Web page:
Having been recognised as someone with flourishing ideas and outspoken, she was appointed to serve as the mayor’s policy advisor managing the “equity” portfolio, subsequently appointed to the Commission on African American Affairs, where she served as the top-ranking elected member.
Asamoah has also served on multiple commissions, boards, and advisory councils for organisations, including the NAACP, National Urban League, and the Delta Sigma Theta Sorority’s National Social Action Commission.
Serving on Joe Biden’s team
As the National Advisor for Black Engagement, Asamoah explained her role in an interview with Watch The Yard, a media company that celebrates Blacks.
“I work on multiple fronts to meaningfully engage the Black community, ranging from the African Diaspora to the Panhel family.
“Standing up the Team Unity initiative and the Divine Nine GOTV rally that tens of thousands of D9 members attended (featuring Senator Kamala Harris, with DJ D-Nice and others) are just two examples of the kind of work I do,” she explained.
Asamoah is largely known as a mover of policy and culture, evidenced by the legislative victories she spearheaded to codify the nation’s first office on African American Affairs and introduce and pass the groundbreaking anti-hair discrimination CROWN Act.
In 2019, she gained the attention of major eyeballs and grabbed headlines when she galvanised support to get California to ban natural hair discrimination through the creation of the landmark CROWN Act.
“I have leveraged both to get legislation passed in the national’s capital. It’s always amazing to witness that power, as was the case during the committee hearing for this bill. The organisations that I worked to garner support from are powerful. When I tapped my personal network and reached out to the leaders of entities like Delta Sigma Theta Sorority, Inc, The National Council of Negro Women, The US Black Chambers of Commerce, and even, NOBEL Women, they all agreed to support my advocacy and this bill,” she told Watch The Yard.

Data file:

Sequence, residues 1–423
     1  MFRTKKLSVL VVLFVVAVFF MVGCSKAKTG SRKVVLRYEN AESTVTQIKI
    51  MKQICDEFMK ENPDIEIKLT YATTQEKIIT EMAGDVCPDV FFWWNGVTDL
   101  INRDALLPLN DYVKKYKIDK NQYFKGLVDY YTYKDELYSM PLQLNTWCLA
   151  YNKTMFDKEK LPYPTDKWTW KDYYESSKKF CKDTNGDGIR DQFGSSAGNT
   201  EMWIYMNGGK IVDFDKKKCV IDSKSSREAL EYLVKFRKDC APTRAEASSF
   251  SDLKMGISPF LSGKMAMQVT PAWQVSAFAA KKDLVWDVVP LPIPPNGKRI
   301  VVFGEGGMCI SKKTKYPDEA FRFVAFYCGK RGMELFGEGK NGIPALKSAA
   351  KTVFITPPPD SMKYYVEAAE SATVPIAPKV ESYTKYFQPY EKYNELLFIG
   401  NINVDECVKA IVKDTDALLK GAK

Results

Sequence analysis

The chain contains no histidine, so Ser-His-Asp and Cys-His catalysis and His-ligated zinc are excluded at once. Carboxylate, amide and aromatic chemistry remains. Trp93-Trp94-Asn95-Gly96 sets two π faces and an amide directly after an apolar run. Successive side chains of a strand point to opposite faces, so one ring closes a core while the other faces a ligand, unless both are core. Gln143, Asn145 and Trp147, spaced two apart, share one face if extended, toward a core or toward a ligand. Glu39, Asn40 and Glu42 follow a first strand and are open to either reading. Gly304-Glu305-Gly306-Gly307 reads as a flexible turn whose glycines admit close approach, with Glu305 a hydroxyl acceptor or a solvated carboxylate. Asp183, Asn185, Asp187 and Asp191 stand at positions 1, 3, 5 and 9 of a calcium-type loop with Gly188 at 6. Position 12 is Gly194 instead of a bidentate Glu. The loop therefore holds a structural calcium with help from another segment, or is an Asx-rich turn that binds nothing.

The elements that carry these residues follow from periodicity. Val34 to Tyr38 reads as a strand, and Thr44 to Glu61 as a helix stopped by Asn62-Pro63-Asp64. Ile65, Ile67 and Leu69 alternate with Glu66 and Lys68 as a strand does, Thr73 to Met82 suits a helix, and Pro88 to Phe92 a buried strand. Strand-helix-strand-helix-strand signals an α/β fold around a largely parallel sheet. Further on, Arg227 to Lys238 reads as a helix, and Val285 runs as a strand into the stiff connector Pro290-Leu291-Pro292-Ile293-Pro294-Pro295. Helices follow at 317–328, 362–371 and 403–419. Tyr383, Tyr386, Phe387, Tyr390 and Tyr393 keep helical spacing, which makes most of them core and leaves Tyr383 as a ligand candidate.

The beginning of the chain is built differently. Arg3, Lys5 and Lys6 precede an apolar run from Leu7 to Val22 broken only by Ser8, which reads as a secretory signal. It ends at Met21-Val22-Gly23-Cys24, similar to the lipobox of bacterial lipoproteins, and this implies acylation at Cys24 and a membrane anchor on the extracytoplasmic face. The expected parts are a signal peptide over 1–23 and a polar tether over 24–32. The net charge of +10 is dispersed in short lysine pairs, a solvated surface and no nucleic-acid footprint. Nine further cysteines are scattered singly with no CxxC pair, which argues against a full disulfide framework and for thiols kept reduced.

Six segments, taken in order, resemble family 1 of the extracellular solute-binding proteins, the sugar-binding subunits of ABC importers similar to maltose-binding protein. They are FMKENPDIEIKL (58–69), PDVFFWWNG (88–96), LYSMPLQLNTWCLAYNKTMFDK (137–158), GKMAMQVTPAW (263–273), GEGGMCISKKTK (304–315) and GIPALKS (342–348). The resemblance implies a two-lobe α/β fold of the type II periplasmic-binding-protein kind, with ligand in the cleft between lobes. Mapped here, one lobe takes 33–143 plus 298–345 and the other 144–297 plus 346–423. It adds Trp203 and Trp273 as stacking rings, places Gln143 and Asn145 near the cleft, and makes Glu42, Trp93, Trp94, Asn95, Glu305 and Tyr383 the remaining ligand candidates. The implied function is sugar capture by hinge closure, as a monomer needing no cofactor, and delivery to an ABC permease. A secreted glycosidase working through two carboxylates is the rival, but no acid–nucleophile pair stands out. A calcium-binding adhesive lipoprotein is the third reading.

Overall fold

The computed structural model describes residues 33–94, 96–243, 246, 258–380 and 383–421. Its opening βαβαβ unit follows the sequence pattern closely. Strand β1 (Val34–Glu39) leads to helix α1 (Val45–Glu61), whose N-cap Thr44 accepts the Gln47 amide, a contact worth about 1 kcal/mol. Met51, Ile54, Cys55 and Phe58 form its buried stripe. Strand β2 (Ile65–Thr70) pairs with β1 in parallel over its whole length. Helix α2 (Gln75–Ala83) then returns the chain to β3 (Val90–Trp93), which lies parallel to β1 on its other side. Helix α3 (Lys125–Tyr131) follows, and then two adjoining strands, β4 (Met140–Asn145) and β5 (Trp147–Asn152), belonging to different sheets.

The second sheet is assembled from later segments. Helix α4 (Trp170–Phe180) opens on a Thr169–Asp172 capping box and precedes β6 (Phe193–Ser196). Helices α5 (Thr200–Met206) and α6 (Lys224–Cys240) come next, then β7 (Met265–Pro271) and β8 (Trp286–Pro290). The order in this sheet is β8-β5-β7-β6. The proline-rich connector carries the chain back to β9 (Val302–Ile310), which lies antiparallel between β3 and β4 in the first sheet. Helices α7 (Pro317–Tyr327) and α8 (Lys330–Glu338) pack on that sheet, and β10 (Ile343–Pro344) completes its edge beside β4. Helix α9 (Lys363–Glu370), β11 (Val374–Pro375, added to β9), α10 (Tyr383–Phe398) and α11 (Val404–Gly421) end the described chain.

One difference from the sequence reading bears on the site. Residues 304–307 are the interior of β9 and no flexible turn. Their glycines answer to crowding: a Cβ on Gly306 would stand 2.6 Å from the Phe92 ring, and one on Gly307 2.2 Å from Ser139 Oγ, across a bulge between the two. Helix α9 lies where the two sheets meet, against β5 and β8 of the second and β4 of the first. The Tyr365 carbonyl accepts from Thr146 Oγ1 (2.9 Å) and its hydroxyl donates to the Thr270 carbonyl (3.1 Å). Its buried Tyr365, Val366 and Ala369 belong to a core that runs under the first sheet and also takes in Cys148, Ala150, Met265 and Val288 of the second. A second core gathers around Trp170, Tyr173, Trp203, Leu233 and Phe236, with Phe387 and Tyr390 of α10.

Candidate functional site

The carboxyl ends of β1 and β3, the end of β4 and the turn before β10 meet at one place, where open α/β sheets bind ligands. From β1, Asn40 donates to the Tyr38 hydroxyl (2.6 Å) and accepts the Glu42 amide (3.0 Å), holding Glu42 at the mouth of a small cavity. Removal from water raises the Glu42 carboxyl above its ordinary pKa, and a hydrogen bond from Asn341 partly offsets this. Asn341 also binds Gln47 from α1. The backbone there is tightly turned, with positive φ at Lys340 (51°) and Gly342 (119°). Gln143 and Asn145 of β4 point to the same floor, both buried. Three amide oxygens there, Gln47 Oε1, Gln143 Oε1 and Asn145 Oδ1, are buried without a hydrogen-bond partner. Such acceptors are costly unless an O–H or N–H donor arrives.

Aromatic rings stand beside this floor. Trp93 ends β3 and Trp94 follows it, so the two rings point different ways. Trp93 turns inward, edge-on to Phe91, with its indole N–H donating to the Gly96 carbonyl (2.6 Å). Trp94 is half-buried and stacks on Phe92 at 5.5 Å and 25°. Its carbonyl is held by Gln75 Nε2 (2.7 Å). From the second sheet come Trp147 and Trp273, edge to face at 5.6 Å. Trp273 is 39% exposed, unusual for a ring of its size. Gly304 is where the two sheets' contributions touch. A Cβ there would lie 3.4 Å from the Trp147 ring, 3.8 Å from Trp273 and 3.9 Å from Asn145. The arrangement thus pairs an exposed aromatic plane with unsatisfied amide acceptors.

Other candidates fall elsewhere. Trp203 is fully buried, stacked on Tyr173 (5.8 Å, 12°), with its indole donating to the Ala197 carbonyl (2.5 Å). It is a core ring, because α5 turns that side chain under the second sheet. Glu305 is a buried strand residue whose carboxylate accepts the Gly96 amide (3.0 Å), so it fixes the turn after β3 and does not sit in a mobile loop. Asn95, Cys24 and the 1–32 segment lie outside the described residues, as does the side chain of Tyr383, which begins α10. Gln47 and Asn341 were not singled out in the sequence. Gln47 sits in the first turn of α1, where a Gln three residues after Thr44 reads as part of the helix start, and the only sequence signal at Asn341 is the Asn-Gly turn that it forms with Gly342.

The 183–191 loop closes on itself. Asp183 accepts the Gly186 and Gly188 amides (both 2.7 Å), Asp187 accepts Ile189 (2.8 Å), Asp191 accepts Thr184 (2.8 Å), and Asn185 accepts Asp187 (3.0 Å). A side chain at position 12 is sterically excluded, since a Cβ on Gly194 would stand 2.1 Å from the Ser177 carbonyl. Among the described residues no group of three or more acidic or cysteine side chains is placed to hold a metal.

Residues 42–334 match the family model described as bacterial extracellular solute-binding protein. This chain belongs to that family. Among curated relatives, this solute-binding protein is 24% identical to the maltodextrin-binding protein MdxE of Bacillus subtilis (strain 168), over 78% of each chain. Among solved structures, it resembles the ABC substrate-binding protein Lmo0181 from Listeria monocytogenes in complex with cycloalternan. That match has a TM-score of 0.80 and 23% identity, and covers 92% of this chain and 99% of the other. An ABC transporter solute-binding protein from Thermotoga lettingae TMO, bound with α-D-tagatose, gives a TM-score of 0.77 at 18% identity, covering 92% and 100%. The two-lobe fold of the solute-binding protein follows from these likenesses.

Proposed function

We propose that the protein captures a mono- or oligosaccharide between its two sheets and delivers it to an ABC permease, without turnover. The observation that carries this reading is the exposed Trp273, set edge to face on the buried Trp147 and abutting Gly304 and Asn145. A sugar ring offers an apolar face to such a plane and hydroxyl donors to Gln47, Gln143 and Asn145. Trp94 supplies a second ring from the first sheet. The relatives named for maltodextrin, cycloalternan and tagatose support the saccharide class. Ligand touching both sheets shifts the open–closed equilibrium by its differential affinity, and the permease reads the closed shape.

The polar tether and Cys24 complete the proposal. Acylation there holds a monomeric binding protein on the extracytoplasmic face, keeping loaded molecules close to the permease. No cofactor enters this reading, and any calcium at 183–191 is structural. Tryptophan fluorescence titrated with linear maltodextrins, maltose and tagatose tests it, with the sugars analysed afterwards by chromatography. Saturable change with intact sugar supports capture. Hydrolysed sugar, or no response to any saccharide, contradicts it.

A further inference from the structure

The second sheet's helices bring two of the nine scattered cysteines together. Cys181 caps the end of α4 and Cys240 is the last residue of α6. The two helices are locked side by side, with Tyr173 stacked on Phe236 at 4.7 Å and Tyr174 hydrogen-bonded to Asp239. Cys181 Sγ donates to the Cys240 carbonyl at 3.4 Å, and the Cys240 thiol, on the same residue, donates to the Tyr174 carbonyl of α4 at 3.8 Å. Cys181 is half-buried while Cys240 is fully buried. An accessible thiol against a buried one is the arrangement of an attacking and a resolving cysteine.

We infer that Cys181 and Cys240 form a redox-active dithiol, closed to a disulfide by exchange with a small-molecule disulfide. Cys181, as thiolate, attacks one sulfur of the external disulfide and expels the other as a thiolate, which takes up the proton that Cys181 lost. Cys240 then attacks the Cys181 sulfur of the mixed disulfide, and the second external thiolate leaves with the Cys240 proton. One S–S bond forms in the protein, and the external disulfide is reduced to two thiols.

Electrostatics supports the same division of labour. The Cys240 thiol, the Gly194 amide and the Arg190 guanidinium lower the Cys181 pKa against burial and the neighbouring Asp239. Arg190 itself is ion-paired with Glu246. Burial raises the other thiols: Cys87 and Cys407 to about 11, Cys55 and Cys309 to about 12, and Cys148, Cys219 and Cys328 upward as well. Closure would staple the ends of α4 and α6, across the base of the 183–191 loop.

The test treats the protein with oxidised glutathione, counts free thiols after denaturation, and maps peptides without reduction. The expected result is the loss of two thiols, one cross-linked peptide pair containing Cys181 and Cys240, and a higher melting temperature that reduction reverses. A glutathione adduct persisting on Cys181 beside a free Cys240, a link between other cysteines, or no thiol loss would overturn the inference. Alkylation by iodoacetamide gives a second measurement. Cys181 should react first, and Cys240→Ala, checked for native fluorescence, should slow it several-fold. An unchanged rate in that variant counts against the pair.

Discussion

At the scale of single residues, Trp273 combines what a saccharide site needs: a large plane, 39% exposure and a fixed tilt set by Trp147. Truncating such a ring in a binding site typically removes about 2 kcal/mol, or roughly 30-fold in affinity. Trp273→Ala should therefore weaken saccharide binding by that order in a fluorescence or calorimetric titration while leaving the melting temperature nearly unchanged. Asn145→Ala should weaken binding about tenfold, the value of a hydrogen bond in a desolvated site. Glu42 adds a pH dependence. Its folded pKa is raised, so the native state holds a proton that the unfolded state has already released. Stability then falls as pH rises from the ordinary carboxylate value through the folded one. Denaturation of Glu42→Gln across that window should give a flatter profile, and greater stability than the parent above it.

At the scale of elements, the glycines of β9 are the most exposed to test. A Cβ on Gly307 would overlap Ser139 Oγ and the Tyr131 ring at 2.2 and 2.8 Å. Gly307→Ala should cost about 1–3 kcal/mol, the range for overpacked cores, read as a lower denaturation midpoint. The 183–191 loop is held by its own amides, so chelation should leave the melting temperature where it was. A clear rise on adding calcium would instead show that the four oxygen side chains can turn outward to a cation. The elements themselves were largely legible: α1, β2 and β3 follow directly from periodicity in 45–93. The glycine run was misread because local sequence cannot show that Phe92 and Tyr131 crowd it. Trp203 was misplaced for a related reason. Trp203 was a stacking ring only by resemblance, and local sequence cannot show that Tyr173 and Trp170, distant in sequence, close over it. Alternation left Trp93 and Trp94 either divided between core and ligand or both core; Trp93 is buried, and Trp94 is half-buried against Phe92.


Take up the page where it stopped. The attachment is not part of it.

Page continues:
Asamoah’s work has earned her the attention of politicians because of her ability to bring people together around policies to raise money. She is “highly sought after to develop both high-profile and grassroots stakeholder coalitions, and liaise between political and corporate entities,” a statement on her website said.
Before working with the Biden campaign, she had been mobilising leaders and communities for social change and collective political action. Biden’s presidential victory over Trump adds to her portfolio of accomplishments and expertise.
Asamoah admits that it was teamwork that earned them the victory in the US presidential race.
“We’re all hands-on deck, mobilising the base, engaging with voters, connecting with stakeholders, speaking at (virtual) events, strategising and executing,” she said.
The practicing therapist and cofounder of a mental health clinic in Philly, who also spoke to POPSUGAR, said she “remained faithful as she paired her sentiment with action to shift the tide,” knowing the progress is not a spectator sport, and as a strategist who mobilises leaders and communities for social change and political action, it was important for her to help fight this battle.”
Having successfully helped to galvanise Black voters to help decide the presidential election for the Democratic party, Biden is set to become the 46th president of the United States as vice president-elect, Kamala Harris will be making history as the first woman and person of colour to occupy that position.